Eileen R. Tabios presents the Introduction to
HUMANITY, Volume 1, edited by Eileen R. Tabios
(Paloma Press, San Mateo, 2018)
REACHING FOR “A MOUNTAIN-LIKE LOVE”
When I was asked to be the editor of HUMANITY, I felt I was being asked to do the impossible. Since I’m a poet, I thus said Yes.
HUMANITY was conceived by Aileen Cassinetto (poet and publisher of Paloma Press). She says she was inspired by Annie Dillard’s For the Time Being which, “in large part, contemplates humanity ‘in a world of almost 7 billion individuals.’” The first contributors were recruited by Aileen and she chose some based on being “experts in their field” as their work ultimately relates to their worldview. Aileen notes that while she “opted for some experts’ views as [she] thinks each one represents an aggregate of what makes the world move at a certain direction,” she feels that “any one person can change the world.” She emphasizes, “Before these people were considered experts, they were just anyone and it was by doing something they’re passionate about that they came to move the world at a certain direction.”
When I later solicited other writers to add to the book, it was from a point of view of perceiving gaps these contributors could flesh out or further expand.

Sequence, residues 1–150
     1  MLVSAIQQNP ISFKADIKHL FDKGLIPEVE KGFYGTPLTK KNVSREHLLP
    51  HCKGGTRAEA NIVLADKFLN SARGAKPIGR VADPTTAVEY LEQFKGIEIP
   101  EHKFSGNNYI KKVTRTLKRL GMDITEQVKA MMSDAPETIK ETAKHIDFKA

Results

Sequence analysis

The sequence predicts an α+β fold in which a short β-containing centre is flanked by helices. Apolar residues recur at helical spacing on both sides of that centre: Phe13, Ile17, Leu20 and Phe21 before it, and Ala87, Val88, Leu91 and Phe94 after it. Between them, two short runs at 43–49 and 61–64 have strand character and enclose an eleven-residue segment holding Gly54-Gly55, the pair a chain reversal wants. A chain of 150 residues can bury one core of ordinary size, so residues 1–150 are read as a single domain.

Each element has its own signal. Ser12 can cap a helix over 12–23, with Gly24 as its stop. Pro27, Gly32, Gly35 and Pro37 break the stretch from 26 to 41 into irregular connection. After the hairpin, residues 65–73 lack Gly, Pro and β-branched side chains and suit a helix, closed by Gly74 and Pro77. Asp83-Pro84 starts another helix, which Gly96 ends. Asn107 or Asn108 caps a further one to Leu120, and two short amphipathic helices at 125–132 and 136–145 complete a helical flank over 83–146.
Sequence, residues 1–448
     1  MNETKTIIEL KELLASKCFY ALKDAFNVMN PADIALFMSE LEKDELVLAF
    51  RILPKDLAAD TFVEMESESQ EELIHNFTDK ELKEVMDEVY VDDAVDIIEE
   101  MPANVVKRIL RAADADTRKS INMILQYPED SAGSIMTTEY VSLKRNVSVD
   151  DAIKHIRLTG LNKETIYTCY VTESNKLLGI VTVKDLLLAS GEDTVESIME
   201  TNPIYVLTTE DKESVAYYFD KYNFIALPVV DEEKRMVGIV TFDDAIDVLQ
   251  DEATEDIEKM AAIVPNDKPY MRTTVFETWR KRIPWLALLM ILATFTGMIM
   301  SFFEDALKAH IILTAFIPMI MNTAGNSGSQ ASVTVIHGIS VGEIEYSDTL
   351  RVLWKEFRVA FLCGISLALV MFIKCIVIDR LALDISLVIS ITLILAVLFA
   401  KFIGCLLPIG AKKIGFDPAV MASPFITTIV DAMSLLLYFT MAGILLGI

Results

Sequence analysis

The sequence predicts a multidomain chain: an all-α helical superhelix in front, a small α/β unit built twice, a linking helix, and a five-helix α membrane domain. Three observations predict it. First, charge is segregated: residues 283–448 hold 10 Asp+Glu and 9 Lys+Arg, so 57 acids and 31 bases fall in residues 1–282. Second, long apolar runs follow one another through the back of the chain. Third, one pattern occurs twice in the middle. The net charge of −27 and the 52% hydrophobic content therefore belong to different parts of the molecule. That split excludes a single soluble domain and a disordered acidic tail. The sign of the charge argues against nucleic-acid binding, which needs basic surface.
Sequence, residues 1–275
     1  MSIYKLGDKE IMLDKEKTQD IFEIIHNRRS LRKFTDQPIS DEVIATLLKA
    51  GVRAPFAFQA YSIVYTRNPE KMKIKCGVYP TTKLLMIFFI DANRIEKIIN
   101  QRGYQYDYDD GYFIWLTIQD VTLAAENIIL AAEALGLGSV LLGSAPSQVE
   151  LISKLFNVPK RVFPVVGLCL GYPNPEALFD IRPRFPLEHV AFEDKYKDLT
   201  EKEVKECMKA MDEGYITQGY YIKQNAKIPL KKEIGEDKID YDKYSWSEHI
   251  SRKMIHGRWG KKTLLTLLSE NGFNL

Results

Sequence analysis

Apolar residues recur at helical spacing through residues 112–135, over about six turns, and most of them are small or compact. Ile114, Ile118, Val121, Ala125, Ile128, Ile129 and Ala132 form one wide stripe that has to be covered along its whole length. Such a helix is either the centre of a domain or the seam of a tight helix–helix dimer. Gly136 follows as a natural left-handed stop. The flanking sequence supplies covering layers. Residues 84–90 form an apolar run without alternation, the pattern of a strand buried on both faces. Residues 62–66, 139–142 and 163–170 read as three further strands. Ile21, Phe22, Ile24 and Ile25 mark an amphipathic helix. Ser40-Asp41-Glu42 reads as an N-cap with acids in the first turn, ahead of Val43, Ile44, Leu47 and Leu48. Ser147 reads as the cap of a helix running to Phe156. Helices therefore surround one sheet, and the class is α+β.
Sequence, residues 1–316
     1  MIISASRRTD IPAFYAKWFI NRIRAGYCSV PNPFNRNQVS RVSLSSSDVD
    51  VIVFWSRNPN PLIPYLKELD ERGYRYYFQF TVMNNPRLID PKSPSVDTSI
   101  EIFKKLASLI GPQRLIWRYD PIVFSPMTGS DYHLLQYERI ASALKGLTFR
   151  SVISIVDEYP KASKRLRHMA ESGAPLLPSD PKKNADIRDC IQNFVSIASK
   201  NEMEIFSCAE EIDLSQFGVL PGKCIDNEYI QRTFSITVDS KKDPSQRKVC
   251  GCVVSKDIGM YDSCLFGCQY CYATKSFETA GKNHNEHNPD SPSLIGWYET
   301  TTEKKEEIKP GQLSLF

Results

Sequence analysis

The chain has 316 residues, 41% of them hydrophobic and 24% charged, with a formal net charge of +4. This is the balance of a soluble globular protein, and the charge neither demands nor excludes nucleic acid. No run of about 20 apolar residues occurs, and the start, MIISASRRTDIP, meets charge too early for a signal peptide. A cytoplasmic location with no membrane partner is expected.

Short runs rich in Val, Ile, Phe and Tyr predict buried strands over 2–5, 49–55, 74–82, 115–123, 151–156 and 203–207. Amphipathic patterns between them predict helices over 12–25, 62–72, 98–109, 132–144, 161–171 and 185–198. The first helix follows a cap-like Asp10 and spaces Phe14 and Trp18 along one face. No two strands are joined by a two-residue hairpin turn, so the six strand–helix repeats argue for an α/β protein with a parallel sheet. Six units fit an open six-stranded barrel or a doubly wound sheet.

As such, HUMANITY is the 15th anthology I’ve either edited or conceptualized but is the first anthology where the concept was someone else’s and I just stepped into place as editor. I did not object to this structure specifically because of its theme: humanity. I felt that any group collected in an anthology is not going to be fully representative (I anticipated even before seeing the book’s manuscript that I would be suggesting “Volume 1” as a subtitle; whether or not there will be additional volumes, the subtitle suggests a continuation of humanity’s definition beyond this or any particular book). But I did want diversity in views. Ultimately, I wished there to be sufficient content to make a wide variety of readers pause, think, then think again, and perhaps engage in some positive action as a result of reading.
Despite their differences, all of the writers in this book share something in common: thoughtfulness, as facilitated by traits like attentiveness and curiosity, among others. For the older writers, such traits clearly affected the decisions they’ve made about how to live in the world—resulting in a strong activist orientation among several, whether it’s working for both human and animal rights, the natural environment as well as cities, war victims, socio-cultural policies as well as a deeper aesthetics. Other writers present a variety of coming-of-age experiences. Together they present an overall picture of both the admirable and flaws, of both strength and fragility.